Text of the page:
Building Community Asthma Coalitions


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Building Community Asthma Coalitions

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Battling Asthma on Your Home Turf

By Sharlene Sephton

California’s San Joaquin Valley, tucked under the skirts of the Sierra Mountains, was put on the map in 1990 as having the third highest asthma mortality rate in the United States. Despite breakthroughs in therapy and guidelines for the diagnosis and management of asthma, incidence of the disease continued to escalate.

The San Joaquin Health Consortium invited health professionals, asthma pa-tients, school personnel, managed care organizations and others to assess the situation. After taking a long, hard look in the mirror, they came up with an answer:

To win the war against asthma, they needed to fight the battle on their home turf.

Out of this meeting, the first community asthma coalition–the Central California Asthma Project (CCAP)–was born, says Joy Grado, program manager for the consortium. Currently, about 50 coalitions exist nationwide. Most are in their infancy, powered by small corps of volunteers.

The National Asthma Education and Prevention Program (NAEPP) defines a community asthma coalition as “a broad-based, multiorganizational, community partnership that brings together the public, private or nonprofit sectors for a prolonged period in an effort to reduce asthma morbidity and mortality and improve quality of life for asthma patients.”

To assist these worthy pursuits, The American College of Chest Physicians (ACCP) and NAEPP co-sponsored a special day-and-a-half session, “Community Asthma Coalitions,” during the 65th annual CHEST conference in November. Grado was among more than 35 presenters who discussed strategies and successes.

Currently, the ACCP is surveying existing coalitions to find out about their organizational structures, goals, activities, interventions, services and accomplishments, says Sydney Parker, PhD, the college’s vice president for health and science policy.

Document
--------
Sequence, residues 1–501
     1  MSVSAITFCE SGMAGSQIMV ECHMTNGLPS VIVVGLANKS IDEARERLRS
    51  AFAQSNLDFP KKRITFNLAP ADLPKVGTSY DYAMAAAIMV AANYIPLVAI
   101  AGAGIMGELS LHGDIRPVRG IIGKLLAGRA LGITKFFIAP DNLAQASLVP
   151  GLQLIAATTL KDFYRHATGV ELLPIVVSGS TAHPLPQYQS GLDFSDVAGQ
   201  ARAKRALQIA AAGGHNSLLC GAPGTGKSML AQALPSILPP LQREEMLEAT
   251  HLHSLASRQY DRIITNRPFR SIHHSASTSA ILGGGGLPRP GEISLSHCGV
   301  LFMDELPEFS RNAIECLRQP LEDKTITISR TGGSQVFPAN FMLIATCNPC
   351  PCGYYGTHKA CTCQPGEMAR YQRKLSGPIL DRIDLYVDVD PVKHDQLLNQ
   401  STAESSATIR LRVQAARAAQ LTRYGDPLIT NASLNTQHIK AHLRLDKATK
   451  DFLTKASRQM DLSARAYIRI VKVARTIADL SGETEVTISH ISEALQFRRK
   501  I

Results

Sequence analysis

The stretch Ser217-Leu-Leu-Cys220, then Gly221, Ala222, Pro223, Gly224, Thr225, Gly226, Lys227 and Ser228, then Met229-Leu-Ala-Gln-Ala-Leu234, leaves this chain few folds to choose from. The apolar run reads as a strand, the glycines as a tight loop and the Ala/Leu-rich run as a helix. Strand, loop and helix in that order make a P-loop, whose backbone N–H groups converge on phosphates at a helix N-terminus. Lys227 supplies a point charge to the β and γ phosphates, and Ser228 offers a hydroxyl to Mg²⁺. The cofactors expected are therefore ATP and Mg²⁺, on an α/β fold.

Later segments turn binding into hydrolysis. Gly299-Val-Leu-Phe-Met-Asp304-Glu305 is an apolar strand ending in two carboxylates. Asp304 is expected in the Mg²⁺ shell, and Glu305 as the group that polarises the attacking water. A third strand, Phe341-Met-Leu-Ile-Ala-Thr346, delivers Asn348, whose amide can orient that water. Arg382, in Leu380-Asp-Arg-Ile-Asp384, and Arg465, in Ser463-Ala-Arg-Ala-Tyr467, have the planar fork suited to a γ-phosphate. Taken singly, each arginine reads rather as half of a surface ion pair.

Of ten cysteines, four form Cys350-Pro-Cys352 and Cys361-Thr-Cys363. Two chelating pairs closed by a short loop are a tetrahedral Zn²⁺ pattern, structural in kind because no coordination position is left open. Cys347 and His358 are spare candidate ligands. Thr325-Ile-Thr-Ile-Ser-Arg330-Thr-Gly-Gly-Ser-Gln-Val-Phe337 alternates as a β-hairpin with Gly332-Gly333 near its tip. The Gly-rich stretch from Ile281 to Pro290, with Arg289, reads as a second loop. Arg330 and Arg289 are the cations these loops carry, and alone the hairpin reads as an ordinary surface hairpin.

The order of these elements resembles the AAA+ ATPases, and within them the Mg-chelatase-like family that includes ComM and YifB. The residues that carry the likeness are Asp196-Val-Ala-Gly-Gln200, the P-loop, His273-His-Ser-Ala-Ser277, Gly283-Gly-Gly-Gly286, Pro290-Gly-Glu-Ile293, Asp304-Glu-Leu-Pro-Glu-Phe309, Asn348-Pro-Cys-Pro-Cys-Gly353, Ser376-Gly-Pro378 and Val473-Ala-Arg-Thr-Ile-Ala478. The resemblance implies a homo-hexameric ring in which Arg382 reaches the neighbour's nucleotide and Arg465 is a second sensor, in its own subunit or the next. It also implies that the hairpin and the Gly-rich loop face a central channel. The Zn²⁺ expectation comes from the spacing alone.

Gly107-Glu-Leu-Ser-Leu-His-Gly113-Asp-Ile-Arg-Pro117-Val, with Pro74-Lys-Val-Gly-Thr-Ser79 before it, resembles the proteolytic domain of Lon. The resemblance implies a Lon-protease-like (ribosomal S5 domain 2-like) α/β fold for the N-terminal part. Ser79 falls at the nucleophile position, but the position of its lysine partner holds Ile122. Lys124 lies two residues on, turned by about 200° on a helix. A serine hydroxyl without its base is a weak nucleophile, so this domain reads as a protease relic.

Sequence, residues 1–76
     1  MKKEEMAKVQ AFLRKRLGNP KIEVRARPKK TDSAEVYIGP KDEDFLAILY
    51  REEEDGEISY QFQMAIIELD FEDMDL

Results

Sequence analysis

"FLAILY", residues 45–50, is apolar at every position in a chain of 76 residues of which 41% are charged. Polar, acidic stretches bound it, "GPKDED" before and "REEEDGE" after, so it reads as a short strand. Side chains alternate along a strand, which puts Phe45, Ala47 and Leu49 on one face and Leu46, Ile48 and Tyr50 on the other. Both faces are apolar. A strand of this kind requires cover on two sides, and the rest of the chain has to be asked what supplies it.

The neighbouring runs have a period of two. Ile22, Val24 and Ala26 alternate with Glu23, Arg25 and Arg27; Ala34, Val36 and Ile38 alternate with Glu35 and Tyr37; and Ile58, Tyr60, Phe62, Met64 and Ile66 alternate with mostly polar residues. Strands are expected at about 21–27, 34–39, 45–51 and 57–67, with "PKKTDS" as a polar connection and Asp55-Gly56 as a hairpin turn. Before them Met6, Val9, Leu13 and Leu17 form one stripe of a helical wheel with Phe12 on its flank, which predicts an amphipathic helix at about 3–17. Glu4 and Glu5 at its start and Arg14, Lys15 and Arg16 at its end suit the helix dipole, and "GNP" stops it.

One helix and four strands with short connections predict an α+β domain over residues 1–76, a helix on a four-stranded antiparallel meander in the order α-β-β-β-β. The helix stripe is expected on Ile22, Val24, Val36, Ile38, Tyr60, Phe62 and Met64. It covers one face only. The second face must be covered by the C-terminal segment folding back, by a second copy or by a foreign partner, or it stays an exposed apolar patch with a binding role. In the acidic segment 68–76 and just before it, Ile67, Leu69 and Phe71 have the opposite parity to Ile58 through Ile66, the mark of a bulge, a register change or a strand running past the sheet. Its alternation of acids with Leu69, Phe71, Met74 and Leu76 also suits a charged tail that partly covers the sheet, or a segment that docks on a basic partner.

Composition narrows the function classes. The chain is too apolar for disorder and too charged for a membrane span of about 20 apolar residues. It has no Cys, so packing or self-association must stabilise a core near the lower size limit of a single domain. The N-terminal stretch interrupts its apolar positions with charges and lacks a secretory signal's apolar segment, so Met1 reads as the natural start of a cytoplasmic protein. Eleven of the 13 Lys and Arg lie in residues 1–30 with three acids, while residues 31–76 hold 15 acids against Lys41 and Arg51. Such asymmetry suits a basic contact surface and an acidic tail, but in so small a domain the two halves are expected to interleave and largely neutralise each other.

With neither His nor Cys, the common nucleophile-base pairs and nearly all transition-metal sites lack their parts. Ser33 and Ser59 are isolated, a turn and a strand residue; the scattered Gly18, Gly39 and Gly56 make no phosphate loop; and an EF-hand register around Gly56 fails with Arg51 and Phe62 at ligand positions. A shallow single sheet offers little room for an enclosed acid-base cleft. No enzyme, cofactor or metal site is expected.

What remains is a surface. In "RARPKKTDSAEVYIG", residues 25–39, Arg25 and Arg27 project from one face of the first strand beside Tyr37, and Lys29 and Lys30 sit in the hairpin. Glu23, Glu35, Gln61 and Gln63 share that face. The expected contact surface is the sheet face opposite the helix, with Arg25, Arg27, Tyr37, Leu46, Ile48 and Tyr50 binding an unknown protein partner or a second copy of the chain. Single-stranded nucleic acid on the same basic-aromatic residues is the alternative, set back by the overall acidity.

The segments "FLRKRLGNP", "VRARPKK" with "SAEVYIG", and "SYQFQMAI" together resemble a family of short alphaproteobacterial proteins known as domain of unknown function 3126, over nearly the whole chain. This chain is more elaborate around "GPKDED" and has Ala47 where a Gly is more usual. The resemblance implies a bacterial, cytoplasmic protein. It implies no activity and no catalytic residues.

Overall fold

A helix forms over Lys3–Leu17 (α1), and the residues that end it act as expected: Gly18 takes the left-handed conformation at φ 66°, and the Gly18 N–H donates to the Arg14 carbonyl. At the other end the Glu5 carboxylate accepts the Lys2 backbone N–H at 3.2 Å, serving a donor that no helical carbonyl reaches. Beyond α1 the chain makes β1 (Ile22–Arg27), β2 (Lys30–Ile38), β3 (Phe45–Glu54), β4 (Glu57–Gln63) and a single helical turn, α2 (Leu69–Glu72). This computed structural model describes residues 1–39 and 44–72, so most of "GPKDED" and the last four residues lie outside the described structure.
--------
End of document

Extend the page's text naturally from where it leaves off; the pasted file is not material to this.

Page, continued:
When the interviews are completed, she will publish a “lessons learned” manual for community asthma coalitions. Parker expects to release it at the CHEST 2000 annual conference being held in San Francisco this October.

“To improve asthma management, one must educate patients, health professionals, communities and policy makers,” Parker says. “Local coalitions can do this and change the health care system.”

COALITION COMPONENTS

From her research so far, Parker has found that “asthma coalitions come in all shapes and sizes.” But they share many common features.

“Most began with a group of health professionals who saw a need for better coordination of services and education,” Parker says. Then, they gathered relevant stakeholders, such as representatives from the public health department, school districts, community-based organizations and hospitals, along with patients and families, to set goals and objectives.

Most coalitions targeted three audiences: health care professionals, patients and the community.

For example, a physicians subcommittee resulted from CCAP’s groundbreaking meeting. The subcommittee planned a half-day medical conference to familiarize area doctors with the NAEPP guidelines and provide hands-on education for asthma tools. A subcommittee of respiratory therapists did the same.

To educate patients, the coalition trained volunteers to teach patient self-management classes. And, to raise community awareness, they promoted their efforts with a countywide information campaign that included announcements on local radio stations.

ACCOMPLISHMENTS

As word spread about the San Joaquin Valley’s efforts, CCAP helped nearby counties to form their own branches. They elected chairpersons, set objectives, and decided what activities they would need to accomplish their goals.

“One of the keys to our success is CCAP acts as a home base,” Grado says. “I think it’s important that the new coalition officers have someone to assist them.”

CCAP recently evaluated the coalitions’ accomplishments from 1996 to 1998. Among the highlights: 1,028 children participated in asthma education at their schools; 12 asthma medical conferences and workshops were held with 1,354 people in attendance, including 530 doctors, respiratory therapists, nurses, physician assistants and nurse practitioners; and 246 health professionals in rural clinics, medical practices and other health agencies received on-site education.

RESOURCES

An important objective of CCAP is to provide “consistency and quality of care,” Grado adds. In order to ensure that the information they provide is timely and accurate, CCAP partnered with the NAEPP. By using NAEPP’s educational materials and media connections, they have boosted CCAP’s credibility.

But a coalition’s best resources can be found by tapping each member’s expertise, Grado stresses. “The community itself knows best how to address the problem… When you get buy-in from the community, your empower them to handle their own issues.”

Sharlene Sephton is editor of ADVANCE.

Physicians Roundtable is a joint venture of ADVANCE and the American College of Chest Physicians. For information on ACCP activities and offerings, contact David Eubanks at (847) 498-1400. For membership information, call Lynne Marcus at the same number, or write to ACCP, 3300 Dundee Road, Northbrook, IL 60062-2348. You also can reach the ACCP online at their Web site, http//www.chestnet.org or by E-mail, accp@chestnet.org.

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